Scientists Question Safety of Merck’s New COVID “Wonder Drug” Expensive Molnupiravir is about to be authorized for millions of people based on a trial involving 500 patients

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Here we go again with another questionable new COVID drug developed with our tax dollars and sold back to us at massively inflated prices. First, there was the insanely expensive remdesivir and now there’s molnupiravir, an oral pill set to make Merck more billions.

With splashy headlines, media outlets trumpeted molnupiravir, produced by Merck and Ridgeback Biotherapeutics, offering “the promise that COVID-19 could soon be treated by a pill.”

The pharmaceutical companies have requested FDA emergency use authorization after an interim analysis from Merck’s non-peer-reviewed phase 3 clinical trial found the antiviral medicine reduced the risk of hospitalization or death by approximately 50%, with 7.3% of patients who received the experimental drug hospitalized or subsequently died by Day 29, compared to 14.1% of patients who were randomized to receive a placebo. Merck halted the trial early because of its success.

 Yahoo! News reported: “Federal regulators will not scrutinize the results of those trials closely before granting approval for distribution. That approval will be initially made on an emergency-use basis, as it was for the coronavirus vaccines.”

“They will do it as quickly as they possibly can,” Dr. Anthony Fauci told CNBC. “We really look forward to the implementation of this and to its effect on people who are infected.”

The Yahoo report neglected to mention a different Merck molnupiravir study on 304 hospitalized patients, which was  “terminated for business reasons,” according to ClinicalTrials site. It failed to help hospitalized patients.

In contrast, a study by researchers at George Washington University found low-dose aspirin likely works better, reducing the risk of mechanical ventilation by 44%, ICU admissions by 43%, and overall in-hospital mortality by 47%.

Back to the new “wonder drug” molnupiravir, which works by integrating into the genetic makeup of the virus, causing a large number of mutations to destroy the virus.

Our government has such confidence in it, that in June, a $1.2 billion contract was signed with Merck to supply 1.7 million courses of the medication at the price of $712 a course.

“An easily administered oral antiviral drug would be an important part of our therapeutic arsenal that would complement the great success of our vaccine efforts,” said Dr. David Kessler, chief science officer for the Biden administration’s Covid-19 response, in a statement. “Our Administration is going to harness the power of American ingenuity to spur the creation and development of these drugs that can save lives both here in the United States and around the world.”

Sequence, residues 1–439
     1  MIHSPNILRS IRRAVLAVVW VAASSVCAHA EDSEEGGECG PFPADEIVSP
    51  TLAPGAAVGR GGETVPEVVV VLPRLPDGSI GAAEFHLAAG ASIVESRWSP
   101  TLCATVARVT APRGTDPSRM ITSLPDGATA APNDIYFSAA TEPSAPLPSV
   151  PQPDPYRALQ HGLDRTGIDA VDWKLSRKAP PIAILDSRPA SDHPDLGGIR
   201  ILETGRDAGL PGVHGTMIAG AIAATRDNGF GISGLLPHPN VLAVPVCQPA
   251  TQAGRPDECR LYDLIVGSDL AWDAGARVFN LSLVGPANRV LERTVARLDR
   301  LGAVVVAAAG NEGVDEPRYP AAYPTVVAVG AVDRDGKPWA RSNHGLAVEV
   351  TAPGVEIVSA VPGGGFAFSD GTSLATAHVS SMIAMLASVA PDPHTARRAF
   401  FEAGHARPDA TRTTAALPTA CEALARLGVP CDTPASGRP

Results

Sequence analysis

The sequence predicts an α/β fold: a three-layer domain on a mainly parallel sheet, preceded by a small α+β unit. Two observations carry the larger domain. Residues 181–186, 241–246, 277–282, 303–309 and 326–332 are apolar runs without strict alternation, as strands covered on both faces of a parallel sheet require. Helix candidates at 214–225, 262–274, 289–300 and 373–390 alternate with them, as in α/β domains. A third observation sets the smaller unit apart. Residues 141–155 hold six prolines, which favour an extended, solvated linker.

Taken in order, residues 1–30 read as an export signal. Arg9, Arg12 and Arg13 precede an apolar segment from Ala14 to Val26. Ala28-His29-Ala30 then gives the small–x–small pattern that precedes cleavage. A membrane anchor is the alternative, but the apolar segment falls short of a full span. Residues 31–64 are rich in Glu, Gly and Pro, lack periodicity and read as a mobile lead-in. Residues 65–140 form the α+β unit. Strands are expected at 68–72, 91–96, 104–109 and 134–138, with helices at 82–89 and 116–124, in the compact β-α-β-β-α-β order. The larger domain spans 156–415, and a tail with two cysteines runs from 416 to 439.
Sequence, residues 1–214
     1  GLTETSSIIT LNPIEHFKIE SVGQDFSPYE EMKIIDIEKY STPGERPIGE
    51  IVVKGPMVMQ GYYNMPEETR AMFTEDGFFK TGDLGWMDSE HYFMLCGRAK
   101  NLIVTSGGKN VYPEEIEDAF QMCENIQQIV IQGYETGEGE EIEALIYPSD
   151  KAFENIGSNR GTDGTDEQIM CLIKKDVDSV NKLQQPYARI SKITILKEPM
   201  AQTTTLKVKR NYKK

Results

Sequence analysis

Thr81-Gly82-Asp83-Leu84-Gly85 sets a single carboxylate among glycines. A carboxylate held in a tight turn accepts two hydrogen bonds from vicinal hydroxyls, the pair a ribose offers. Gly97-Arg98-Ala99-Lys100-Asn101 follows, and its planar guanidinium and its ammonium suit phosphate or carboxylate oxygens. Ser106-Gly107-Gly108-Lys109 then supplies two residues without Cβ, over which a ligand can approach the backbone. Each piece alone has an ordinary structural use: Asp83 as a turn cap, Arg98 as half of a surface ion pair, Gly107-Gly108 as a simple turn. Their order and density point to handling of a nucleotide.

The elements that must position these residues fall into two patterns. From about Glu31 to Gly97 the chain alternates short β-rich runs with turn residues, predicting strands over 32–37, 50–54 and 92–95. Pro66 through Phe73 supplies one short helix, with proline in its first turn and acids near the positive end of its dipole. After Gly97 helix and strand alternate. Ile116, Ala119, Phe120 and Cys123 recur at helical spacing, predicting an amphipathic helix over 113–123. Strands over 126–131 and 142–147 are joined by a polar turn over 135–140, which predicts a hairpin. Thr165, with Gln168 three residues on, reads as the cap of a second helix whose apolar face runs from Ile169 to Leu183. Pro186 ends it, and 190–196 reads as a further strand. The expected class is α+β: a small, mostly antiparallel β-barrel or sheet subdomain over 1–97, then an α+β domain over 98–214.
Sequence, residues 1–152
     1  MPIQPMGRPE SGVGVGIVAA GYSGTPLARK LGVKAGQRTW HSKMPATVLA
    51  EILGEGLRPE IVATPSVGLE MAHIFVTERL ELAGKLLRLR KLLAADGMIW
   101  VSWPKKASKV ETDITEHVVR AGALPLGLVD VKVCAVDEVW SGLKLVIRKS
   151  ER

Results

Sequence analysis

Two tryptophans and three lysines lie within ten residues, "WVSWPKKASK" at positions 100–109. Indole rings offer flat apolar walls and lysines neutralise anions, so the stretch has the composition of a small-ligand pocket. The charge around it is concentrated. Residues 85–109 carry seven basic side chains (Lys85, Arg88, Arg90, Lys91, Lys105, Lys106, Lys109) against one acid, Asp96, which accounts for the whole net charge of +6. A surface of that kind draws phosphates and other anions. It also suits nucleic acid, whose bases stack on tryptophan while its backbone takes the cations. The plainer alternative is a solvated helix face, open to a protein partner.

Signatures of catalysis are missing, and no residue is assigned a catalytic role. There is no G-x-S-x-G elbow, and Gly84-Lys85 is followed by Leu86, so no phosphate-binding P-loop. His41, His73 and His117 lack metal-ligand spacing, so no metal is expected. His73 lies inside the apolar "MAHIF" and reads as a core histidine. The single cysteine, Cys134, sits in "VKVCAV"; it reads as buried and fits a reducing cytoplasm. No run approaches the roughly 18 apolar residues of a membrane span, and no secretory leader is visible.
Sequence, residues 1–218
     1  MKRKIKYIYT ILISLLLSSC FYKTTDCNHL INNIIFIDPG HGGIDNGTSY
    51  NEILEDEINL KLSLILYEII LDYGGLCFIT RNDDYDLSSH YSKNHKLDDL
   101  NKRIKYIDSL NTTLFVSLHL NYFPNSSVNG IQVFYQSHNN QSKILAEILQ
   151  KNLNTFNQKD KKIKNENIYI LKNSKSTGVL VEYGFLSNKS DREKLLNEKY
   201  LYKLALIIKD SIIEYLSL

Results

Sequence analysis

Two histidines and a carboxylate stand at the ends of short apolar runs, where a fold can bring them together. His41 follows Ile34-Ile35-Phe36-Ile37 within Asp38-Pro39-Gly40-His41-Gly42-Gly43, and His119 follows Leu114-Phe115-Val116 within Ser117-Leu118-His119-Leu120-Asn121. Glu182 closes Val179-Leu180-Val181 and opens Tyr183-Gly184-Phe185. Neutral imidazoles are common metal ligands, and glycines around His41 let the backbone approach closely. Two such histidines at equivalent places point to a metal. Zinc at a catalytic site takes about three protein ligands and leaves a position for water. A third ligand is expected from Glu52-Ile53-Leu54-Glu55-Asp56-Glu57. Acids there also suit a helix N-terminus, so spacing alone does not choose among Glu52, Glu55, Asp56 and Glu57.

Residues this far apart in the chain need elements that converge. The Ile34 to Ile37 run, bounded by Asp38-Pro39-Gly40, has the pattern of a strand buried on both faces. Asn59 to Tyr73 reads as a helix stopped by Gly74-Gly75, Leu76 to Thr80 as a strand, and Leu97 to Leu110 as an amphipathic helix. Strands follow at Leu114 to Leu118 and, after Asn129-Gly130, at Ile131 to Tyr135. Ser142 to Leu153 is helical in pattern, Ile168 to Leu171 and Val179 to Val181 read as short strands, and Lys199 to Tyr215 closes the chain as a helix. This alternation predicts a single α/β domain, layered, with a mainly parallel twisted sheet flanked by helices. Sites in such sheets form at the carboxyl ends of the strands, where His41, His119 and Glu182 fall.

Produced with public funds amounting to $29 million, Molnupiravir could potentially earn Merck $7 billion by the end of 2021. The company has promised to have more than 10 million courses of the treatment available by the end of the year.

“This would make it, in only a few weeks, one of the 10 most lucrative drugs ever,” noted Quartz’s Annalise Merelli.

The Intercept reported Merck’s molnupiravir was developed using funding from the National Institutes of Health and the Department of Defense.

Molnupiravir costs $17.74 to produce, according to a report issued by drug pricing experts at the Harvard School of Public Health and King’s College Hospital in London. Merck is charging the U.S. government $712 for the same amount of medicine, or 40 times the price.

Activist Heidi Chow decried the exorbitant price the U.S. government paid for molnupiravir as “another example of Big Pharma reaping billions from public investment into research by charging extortionate, rip-off prices for lifesaving Covid drugs.”

Knowledge Ecology International (KEI) obtained the government contract as part of its Freedom of Information Act lawsuit against the Department of Health and Human Services and the Army related to COVID-19 contracts executed by the U.S. government.

The contract, with relevant parts redacted, No. W911QY21C0031, was awarded by the Army on June 7, 2021. It has an upper limit of $3.7 billion. The agreement includes options to purchase additional courses of the drug, but quantities for those possible future purchases are redacted.

KEI notes: “The operative provisions in Section H.12 are not only redacted in full, but the title is also redacted, making it impossible to know if or how any other provisions are modified.”

 

So how safe is molnupiravir?